Four more years, four more years.

We love you, we love you.


Given the Corona figures and the most recent developments, it is surprising how much Trump talks about the pandemic. You could expect that he plays down the issue. But he inflates it. He boasts it was him who cut China and Europe off the US, no one acted faster as I did. A vaccine will “soon” be available, and he, Trump, would make all wonder drugs which healed him available to everybody, free of charge. They say I am immune. And: 90 percent of the people who get it are ok, with children it is even 99,9 percent. No mandates. The World Health Organization now says too that lockdowns were more harmful than helpful (at this point we do – exception – a short fact check: it is not true what Trump says. A WHO representative only said that lockdowns should be applied as last resort). Let everyone do as they please, be as prudent as they wish, I don’t care.

The crowd’s biggest applause comes when Trump – no joke – declares I am not a politician. The seconds largest, when he tears into “the media”. But after half an hour folks start leaving. The parking spaces are far away, backups are to be expected. Perhaps the kids have to go to bed


What started out as a Stones concert, now turns into one of those football matches where the odds-on favorite is behind and stubbornly tries to even the game with ever the same plays. Almost all polls have Trump behind. So clearly behind, that campaign professional James Carville, Clinton’s old warhorse, now talks about a landslide of the Democrats across the board  – Presidency, Senate, House. Trump’s chance is in mobilizing not only those voters who elected him four years ago but also voters who are on his side but did not go to the polls before. Therefore the old hits, the ever-the-same plays. In his second half-hour Trump repeats himself more and more. Ruin of the economy under a Biden presidency. All individual freedoms of decision out of the window. Gun rights. Fracking in Pennsylvania. Biden’s son and the millions of the wife of the mayor of Moscow. The wall on the border of Mexico. 400 miles are built already, we are doing 10 miles per day. And by the way, Mexico is paying. Mexico has 22 000 soldiers on the border who prevent crossings into the US.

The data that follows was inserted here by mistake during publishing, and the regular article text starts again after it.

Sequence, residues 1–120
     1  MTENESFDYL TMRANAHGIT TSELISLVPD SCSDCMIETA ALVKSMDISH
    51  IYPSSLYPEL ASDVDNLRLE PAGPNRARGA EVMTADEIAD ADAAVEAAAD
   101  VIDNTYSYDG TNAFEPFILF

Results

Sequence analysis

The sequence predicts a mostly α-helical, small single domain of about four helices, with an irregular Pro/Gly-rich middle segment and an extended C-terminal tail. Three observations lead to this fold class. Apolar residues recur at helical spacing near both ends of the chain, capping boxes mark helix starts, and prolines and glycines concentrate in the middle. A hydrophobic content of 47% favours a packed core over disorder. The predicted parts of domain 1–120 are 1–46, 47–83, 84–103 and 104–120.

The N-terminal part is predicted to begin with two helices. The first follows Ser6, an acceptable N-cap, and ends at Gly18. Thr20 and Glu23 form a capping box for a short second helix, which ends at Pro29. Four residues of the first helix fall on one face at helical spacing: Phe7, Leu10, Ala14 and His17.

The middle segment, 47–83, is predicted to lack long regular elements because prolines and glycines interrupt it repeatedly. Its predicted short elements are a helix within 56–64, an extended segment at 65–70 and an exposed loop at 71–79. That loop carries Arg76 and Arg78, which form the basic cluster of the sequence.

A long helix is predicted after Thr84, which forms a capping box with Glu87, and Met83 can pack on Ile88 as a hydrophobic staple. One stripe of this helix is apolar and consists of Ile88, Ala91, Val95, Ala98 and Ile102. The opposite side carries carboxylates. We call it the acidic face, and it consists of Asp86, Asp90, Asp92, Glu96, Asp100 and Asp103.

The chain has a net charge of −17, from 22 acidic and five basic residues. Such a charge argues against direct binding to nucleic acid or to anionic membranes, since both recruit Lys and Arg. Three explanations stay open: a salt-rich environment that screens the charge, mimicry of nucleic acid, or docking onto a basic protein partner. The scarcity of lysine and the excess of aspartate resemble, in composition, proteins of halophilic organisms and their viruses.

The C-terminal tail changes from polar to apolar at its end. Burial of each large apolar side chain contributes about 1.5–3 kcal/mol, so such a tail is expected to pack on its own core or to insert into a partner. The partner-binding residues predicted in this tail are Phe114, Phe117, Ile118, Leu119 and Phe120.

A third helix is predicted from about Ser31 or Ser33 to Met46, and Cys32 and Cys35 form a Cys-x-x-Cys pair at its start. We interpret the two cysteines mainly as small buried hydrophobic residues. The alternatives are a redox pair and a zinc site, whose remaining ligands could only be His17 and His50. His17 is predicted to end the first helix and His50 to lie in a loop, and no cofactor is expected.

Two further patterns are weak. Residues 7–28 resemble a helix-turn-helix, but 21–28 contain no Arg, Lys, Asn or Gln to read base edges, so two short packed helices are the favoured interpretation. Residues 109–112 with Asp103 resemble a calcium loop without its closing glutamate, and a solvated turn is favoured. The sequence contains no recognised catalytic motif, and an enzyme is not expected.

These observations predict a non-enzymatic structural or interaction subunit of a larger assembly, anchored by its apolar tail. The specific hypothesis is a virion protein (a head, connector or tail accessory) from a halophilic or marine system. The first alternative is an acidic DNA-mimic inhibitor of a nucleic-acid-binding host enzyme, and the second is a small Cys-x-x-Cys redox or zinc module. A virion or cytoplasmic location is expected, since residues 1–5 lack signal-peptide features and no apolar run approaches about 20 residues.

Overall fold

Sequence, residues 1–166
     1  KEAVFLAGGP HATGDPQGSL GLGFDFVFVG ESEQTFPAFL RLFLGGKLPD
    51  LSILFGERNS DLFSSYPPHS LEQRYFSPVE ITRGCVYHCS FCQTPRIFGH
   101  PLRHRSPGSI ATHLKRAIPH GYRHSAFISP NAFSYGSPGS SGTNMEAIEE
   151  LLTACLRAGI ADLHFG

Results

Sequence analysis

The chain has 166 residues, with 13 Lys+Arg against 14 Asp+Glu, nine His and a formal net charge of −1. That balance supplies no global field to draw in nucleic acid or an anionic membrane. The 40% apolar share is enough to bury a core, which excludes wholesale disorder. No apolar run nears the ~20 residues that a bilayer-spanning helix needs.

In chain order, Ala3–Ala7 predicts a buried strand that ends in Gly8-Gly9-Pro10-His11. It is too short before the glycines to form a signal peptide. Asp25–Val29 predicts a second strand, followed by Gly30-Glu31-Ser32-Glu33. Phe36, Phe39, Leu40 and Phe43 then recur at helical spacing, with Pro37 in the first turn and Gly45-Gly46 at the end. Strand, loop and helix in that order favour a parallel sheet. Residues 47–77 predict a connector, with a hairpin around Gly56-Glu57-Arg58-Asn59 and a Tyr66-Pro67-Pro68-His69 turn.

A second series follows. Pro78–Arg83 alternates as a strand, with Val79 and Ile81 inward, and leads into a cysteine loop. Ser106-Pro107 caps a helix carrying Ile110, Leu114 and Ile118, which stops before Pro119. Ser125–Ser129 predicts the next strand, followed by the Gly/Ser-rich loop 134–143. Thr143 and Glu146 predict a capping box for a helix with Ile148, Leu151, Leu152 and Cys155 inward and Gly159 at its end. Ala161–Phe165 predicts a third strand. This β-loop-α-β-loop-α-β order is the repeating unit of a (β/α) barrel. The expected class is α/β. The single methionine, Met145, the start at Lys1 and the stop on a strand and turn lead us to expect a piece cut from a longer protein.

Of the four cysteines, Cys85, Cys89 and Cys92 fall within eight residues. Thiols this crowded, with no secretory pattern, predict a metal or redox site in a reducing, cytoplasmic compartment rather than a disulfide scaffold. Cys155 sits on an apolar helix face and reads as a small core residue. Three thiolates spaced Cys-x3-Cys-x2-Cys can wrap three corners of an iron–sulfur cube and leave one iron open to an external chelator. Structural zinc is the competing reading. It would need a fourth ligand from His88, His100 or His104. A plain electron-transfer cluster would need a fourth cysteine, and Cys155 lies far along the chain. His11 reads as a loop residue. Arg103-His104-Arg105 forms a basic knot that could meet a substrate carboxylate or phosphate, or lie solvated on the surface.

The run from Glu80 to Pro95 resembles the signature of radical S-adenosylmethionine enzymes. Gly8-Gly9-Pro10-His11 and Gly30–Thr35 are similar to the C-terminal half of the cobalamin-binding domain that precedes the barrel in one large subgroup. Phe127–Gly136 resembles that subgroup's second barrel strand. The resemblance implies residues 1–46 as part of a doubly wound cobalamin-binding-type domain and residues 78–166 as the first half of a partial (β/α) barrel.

What a President Trunp would do in his second term remains mainly in the dark. You ain’t seen nothing yet, he says. Like erstwhile Ronald Reagan. So? The first woman on the moon. “Very soon” a human on Mars. A veiled threat against China. A lot of Corona, until the very end. I feel great. Greatly recovered. I’m very young and I’m in such perfect shape. So phenomenally in shape that he would like to kiss each man and each woman in the crowd, a big fat kiss. This is the news morsel which is taken up by some media. Trump the party clown, as we know him. Another facet of the act goes unreported: Trump the pol, the old-fashioned, traditional money-dispensing politician. The President brags that he liberated federal money when Florida was hit by bad weather. Several times. Always, always would he have an open ear for the concerns of the governor, he says. We take care of you, Florida. For Trumpists, such  a thing normally passes as “corruption” in the “swamp” of Washington.

What does it matter here? Donald Trump is a lifestyle. He is to his followers what  the Harley-Davidson is for a particular species of motorcycle riders. On the bosom of a young woman I read guns, whiskey, Trump and freedom.



The crowd is long moving toward the exit gate when Trump finishes his act. The speakers are booming. Queen. Bohemian Rhapsody. Is this the real life, is this just fantasy?



Published in German on www.watson.ch